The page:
Arbab and Nasser have been together at several junctures of their college careers. The third-year students were in the same orientation group, had orientation for the Honors Program together, took the first and second classes of college together and joined Student Government together.
Now, they’re running for president and vice president together.
“Within our second or third meeting of Student Government, I still remember staying after a meeting one time,” Arbab said. “We were just messing around with our friends. We were like, ‘Oh yeah, well, one day, I’m going to be president and (Malak’s) going to be my VP.’… We didn’t actually mean it.”
Arbab, a psychology and women’s and gender studies double major and sociology minor, is heavily involved in student life. By the end of her sophomore year, she said she was involved in 11 different organizations and was on the executive board of eight.
Currently, she’s the president of Social Justice League, director of communications for She’s the First, director of outreach for Muslim Student’s Association, secretary for Students for Justice in Palestine and a member of Women in Learning and Leadership.
Arbab serves as chair of Student Government’s sexual assault and public safety committee.
Nasser, a biology major and mathematics minor, is the director of internal affairs for Students for Islamic Awareness. She is a chairwoman on Student Government’s student and academic affairs committee.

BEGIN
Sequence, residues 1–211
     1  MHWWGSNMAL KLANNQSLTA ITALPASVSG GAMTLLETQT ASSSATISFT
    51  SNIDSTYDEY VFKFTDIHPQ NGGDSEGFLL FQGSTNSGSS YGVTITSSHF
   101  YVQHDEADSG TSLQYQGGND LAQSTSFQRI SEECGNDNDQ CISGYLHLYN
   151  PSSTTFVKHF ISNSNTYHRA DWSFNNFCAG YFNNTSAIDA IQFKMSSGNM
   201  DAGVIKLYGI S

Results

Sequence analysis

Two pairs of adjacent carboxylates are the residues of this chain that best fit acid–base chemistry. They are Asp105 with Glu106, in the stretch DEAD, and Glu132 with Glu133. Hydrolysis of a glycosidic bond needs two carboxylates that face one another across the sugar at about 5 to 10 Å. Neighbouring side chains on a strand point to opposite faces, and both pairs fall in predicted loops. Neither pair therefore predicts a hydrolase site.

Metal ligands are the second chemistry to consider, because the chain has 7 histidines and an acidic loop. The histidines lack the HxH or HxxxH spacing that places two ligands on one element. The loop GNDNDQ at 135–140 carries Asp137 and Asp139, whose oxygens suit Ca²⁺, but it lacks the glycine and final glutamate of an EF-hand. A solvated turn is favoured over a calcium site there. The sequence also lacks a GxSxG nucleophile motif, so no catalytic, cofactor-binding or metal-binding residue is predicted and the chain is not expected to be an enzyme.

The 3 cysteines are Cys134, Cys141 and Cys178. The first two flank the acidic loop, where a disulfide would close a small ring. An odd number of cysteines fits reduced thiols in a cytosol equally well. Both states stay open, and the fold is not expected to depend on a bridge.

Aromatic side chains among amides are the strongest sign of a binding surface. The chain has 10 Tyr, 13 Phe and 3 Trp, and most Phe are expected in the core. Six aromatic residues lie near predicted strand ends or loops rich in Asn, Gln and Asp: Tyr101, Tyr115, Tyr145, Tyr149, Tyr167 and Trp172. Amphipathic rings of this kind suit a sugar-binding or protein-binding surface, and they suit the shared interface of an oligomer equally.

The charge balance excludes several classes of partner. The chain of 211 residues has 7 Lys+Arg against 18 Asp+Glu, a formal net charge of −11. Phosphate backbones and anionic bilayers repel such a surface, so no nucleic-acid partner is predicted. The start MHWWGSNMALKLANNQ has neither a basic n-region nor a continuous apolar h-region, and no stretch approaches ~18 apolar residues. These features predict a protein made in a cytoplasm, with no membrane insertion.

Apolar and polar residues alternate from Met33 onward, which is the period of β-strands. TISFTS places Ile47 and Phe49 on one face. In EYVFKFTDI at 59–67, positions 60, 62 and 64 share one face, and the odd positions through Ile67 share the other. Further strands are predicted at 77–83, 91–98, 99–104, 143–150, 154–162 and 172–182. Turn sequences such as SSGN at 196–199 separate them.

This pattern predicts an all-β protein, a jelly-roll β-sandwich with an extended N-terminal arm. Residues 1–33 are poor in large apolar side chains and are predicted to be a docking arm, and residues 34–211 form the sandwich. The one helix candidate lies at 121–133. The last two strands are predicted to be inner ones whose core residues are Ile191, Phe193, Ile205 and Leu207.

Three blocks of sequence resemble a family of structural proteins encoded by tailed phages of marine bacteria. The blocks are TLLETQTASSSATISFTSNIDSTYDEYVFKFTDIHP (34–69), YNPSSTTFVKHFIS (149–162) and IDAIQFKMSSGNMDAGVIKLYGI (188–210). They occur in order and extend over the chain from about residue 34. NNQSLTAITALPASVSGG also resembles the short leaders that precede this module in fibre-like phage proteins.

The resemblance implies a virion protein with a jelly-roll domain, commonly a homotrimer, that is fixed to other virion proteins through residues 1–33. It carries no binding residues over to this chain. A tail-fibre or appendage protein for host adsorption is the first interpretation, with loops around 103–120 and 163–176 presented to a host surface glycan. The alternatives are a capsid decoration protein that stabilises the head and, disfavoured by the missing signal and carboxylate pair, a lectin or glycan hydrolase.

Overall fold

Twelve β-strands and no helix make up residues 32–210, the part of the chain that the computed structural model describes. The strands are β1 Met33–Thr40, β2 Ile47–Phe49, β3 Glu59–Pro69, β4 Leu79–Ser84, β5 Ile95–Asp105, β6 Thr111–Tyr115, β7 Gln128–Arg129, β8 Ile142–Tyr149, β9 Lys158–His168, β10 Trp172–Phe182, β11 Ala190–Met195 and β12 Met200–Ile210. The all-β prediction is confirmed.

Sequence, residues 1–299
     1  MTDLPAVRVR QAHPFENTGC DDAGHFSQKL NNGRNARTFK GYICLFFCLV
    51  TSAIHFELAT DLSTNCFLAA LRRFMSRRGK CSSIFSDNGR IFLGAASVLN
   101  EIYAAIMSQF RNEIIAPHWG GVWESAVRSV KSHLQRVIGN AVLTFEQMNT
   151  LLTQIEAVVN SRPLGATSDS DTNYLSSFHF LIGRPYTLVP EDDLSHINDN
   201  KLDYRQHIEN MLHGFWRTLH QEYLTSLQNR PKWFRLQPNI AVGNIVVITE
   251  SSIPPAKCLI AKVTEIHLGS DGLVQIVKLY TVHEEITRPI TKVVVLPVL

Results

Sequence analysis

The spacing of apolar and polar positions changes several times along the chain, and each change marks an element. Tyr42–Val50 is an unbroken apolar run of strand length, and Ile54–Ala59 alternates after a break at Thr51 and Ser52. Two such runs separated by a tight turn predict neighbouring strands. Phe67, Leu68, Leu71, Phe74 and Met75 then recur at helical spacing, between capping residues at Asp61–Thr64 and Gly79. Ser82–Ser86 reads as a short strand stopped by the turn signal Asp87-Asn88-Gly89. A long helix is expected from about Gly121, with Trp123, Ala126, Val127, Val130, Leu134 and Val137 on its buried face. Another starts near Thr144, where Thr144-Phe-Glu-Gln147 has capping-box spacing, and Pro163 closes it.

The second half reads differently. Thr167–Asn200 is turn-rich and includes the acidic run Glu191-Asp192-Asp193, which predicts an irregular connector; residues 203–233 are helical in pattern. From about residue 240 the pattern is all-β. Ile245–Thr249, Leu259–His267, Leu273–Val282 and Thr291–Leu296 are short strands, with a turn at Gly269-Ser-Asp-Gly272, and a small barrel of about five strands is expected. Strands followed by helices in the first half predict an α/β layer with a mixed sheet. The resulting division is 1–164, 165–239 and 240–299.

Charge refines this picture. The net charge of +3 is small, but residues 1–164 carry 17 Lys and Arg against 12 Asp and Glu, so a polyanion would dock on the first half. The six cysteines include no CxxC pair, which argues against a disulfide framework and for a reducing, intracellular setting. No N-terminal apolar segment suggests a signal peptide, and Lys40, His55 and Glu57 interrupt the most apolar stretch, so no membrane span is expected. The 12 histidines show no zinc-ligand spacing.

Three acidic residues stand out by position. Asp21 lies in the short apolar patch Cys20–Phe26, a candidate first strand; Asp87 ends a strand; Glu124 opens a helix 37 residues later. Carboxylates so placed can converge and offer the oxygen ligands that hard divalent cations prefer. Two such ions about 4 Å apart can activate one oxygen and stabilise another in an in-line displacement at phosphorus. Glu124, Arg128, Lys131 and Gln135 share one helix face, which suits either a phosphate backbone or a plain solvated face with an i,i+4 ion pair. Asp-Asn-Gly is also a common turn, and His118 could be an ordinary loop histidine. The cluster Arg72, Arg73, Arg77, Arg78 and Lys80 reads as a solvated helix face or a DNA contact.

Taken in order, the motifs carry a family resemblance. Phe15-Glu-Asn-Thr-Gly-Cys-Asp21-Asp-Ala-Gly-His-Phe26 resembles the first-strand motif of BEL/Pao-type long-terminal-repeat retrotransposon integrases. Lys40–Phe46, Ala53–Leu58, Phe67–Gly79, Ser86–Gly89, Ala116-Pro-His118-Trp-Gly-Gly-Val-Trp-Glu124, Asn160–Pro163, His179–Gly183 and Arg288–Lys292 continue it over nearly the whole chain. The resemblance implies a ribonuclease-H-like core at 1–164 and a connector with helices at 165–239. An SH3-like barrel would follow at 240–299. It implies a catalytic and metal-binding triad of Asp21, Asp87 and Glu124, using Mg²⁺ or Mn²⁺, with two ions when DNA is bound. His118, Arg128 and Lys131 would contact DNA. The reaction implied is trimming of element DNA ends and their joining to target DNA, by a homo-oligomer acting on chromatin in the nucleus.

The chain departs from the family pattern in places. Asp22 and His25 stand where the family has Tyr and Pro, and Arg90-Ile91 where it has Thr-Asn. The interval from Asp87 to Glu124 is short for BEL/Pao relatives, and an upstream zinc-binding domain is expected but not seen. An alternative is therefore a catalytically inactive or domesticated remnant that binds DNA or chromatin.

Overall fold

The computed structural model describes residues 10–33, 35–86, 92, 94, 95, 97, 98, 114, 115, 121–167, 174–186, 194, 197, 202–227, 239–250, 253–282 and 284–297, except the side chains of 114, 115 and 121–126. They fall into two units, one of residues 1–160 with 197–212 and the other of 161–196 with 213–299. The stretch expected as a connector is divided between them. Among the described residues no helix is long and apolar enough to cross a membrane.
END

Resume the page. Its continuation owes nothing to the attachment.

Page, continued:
Both Arbab and Nasser have been involved in Student Government for two-and-a-half years.
They are running for president and vice president to fix faults on campus that have yet to be addressed.
“If we don’t do it ourselves, then we felt like probably nobody would get to them,” Nasser said.
They also want to represent the students and be a facilitator for them.
Nasser said when she would run for Student Government in the past, her friends would ask, “What does student government even do for me?” and it was troubling to hear that question.
“For them to ask me these questions, it indicated that they don’t really feel that Student Government is addressing their concerns and making their voices heard,” Nasser said.
Arbab and Nasser will fill their executive board via appointment. Like Voices for Victors, they have several students running with Michigan Action Party for executive positions.
Afeefeh Seblini is running for secretary, Ali Rizk for director of athletics, Hasan Makki for director of Greek affairs, Zunaira Tufail for treasurer, Dana Mohammad for director of clubs and organizations and Teia McGahey for director of inclusion.
“These are leaders we have seen and known for years,” Arbab said. We know the kind of work they do. And we actively sought out diversity… it’s not just in-house, our friends.”
Arbab and Nasser have four main visions if elected: make campus more transparent in communication between students, faculty, staff and administration, increase student engagement, make campus greener and fight for student workers’ rights.
There are several ways they hope to achieve these visions: a uniform 25 cent raise per semester and surveys for student workers, recycling bins separated by items and an event calendar that is linked through students’ U-M email.
As far as transparency, one example Nasser gave involved tuition increases, something she said is an issue for students.
“All they do is justify this tuition increase in one sentence: due to state funding reduction,” Nasser said. “We want them to be able to be open with us and tell us, ‘This is how much we’re getting in state funding, this is how much we’re getting in student tuition, this is how much we’re getting from alumni donations and these are our expenses, and there’s no way for this campus to remain functional and to operate unless we raise student tuition.’ And unless they can prove that, we shouldn’t be complacent and accept that as students, accept that one email from administration.”